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On the Canadian Scene

Ottawa, Ontario July 20, 2006 - After two back-to-back weeks of show jumping in Blainville and Ottawa, you have to take your hat off to Mr. Eric Lamaze.

Riding Hickstead, the 10-year-old Dutch Warmblood stallion he has been named to the World Equestrian Games (WEG) Team with, Lamaze proved to be Sunday's best two weeks running. In Blainville, he topped an eight-horse jump-off to take the $70,000 Grand Prix Jumping du Quebec World Cup Qualifier and, in Ottawa, he was his own toughest competition, winning the $60,000 'Kubota' Big Ben Memorial Grand Prix while also finishing runner-up with Ronaldo. Conrad Homfeld, one of five course designers waiting to hear if he will get the job at the 2008 Olympic Games, built both courses.

Lamaze has always had high hopes for Hickstead. Two years ago at Blainville, in the horse's first competition in Canada, he told me that the little stallion was the horse to watch and how right he was! After his win in Blainville last week, he again reaped praise on Hickstead, saying, "He's is a great horse and a very good competitor. He's got a great personality, and he's a fun horse to ride because I know him so well. He's feisty, he knows why he is out there, and he knows that knocking down a rail is not good! Some horses just don't get it."

The Capital Classic Show Jumping Tournament in Ottawa marked Lamaze's last appearance on Canadian soil with Hickstead before the WEG. The horse now travels to Europe where the entire Canadian Show Jumping Team will enjoy an outing during the second week of CSI Valkenswaard, as well as some other possible warm-up shows. Lamaze will travel back and forth, hitting a few of the other big Canadian Grand Prix events with his other mounts (goodness knows he has a stable full of them - he won the $20,000 Open Welcome at the Capital Classic riding Narcotique de Muze II!).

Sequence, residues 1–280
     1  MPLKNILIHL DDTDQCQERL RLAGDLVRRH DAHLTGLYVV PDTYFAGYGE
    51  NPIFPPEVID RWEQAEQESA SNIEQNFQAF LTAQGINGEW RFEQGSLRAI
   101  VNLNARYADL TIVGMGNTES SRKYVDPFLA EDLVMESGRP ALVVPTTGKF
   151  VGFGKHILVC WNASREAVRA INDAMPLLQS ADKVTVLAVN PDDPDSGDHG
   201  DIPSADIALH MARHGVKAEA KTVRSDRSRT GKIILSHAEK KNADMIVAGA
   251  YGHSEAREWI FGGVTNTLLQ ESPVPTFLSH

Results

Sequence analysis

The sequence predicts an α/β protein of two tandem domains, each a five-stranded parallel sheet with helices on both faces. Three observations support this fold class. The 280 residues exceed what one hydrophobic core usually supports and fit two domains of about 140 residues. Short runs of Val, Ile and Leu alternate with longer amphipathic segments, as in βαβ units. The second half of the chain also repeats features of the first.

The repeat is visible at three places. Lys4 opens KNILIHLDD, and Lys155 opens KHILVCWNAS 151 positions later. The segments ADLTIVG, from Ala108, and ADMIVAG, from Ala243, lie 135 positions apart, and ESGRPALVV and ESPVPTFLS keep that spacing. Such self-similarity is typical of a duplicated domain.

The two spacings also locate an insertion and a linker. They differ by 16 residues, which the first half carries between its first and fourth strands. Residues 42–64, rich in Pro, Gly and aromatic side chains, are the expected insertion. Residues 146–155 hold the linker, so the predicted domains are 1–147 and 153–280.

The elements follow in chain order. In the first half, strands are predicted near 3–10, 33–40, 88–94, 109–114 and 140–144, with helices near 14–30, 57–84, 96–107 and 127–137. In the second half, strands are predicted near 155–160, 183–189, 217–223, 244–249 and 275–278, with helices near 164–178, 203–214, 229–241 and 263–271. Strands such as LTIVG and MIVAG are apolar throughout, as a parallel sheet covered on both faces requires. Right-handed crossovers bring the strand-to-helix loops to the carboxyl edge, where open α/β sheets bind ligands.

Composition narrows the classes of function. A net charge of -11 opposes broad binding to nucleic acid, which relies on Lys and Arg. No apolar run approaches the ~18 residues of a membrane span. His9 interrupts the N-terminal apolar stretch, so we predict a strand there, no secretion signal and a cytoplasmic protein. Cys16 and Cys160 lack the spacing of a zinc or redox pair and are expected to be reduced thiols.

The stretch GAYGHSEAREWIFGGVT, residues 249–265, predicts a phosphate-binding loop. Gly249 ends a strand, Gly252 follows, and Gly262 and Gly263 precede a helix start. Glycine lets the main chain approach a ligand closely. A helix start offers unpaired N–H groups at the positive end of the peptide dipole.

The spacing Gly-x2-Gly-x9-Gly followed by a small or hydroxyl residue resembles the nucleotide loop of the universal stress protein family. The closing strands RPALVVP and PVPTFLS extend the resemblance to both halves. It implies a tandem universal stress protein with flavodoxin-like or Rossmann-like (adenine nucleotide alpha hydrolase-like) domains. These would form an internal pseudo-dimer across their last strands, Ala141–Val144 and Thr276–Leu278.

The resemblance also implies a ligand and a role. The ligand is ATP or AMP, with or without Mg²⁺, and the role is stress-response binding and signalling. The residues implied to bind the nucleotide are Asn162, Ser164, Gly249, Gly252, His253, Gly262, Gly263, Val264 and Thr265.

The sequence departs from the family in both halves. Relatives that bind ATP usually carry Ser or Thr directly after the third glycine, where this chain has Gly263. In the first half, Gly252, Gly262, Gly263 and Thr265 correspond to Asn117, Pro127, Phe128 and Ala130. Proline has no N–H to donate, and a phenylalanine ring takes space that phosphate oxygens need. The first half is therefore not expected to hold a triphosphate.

Heading into his fourth consecutive WEG appearance, an accomplishment in itself, Lamaze is optimistic about his chances. Having taken advantage of the opportunity to compete at CSIO5* Aachen in May, Hickstead has not only proven that he is comfortable in the venue, but that he can compete with the best in the world, placing third after jumping three clean rounds in the 300,000 Euro Grand Prix of Aachen.

"I would love to make it to the final four," Lamaze confided. "Hickstead is not an easy horse, so it would be interesting to watch the other competitors try to ride him. I have spent my whole life catch riding, so I think it could be very exciting."

Another competitor who looks hot on the money heading to Aachen is Chris Pratt who would be making his WEG debut. In both Blainville and Ottawa, Pratt advanced to the jump-off with Rivendell where he was again fault-free to place fifth and third respectively. After his third-place finish at the Capital Classic, Pratt explained his strategy, saying, "I just tried to be efficient and stay safe. I know Rivendell can go faster than he went today, but with the World Championships coming up, I just wanted to keep him jumping at his best, and give him confidence."

As for the rest of the WEG team members, Ian Millar only showed his WEG mount, In Style, at Blainville where four faults kept him out of the jump-off. A hometown favourite, Jill Henselwood was missed at the Capital Classic, but her horses had only just returned from a three-day road trip after spending the past two months at Spruce Meadows. It was the same story for Mario Deslauriers, the other WEG team member.

In addition to extending best wishes to the five athletes heading to Aachen, we must also credit the next generation of competitors. Erynn Ballard, 25, the first alternate to the WEG team, impressed with her third place finish in the Blainville World Cup Qualifier, steering Robin van Roosendael to a double clear round with a polished and efficient ride. In Ottawa, it was Lauren Hunkin, 26, whose name stood among the veterans in the final results. A fourth place finish in the seven-horse jump-off had Hunkin ecstatic. A student at Millar Brooke, Hunkin has been riding Orleans, a ten-year-old Dutch Warmblood gelding since January, and her result in the $60,000 Kubota Big Ben Memorial Grand Prix was her best finish to date. Most importantly, Hunkin enjoyed every minute of the experience, enthusiastically telling the press, "This is what we live for!"

This special report is a preview provided by PhelpsSports.com. Look for the debut of this new equestrian news website during the World Equestrian Games in August. Visit http://www.PhelpsSports.com for more information.


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